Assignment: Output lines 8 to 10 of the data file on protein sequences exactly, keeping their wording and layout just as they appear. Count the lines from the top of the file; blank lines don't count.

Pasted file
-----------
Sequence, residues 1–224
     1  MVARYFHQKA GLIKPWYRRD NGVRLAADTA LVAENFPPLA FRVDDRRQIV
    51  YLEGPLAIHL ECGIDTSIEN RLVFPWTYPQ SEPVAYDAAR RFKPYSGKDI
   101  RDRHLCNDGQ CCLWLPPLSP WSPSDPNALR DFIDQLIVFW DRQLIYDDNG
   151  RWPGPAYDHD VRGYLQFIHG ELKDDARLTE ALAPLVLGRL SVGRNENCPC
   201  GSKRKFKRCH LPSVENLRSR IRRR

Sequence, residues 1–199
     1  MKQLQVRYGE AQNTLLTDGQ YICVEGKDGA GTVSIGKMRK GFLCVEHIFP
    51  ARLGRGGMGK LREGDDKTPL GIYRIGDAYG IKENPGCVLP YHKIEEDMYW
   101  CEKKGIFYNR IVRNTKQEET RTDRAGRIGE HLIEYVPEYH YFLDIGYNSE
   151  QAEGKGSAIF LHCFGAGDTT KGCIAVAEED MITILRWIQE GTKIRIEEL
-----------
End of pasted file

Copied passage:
     1  MKQLQVRYGE AQNTLLTDGQ YICVEGKDGA GTVSIGKMRK GFLCVEHIFP
    51  ARLGRGGMGK LREGDDKTPL GIYRIGDAYG IKENPGCVLP YHKIEEDMYW
   101  CEKKGIFYNR IVRNTKQEET RTDRAGRIGE HLIEYVPEYH YFLDIGYNSE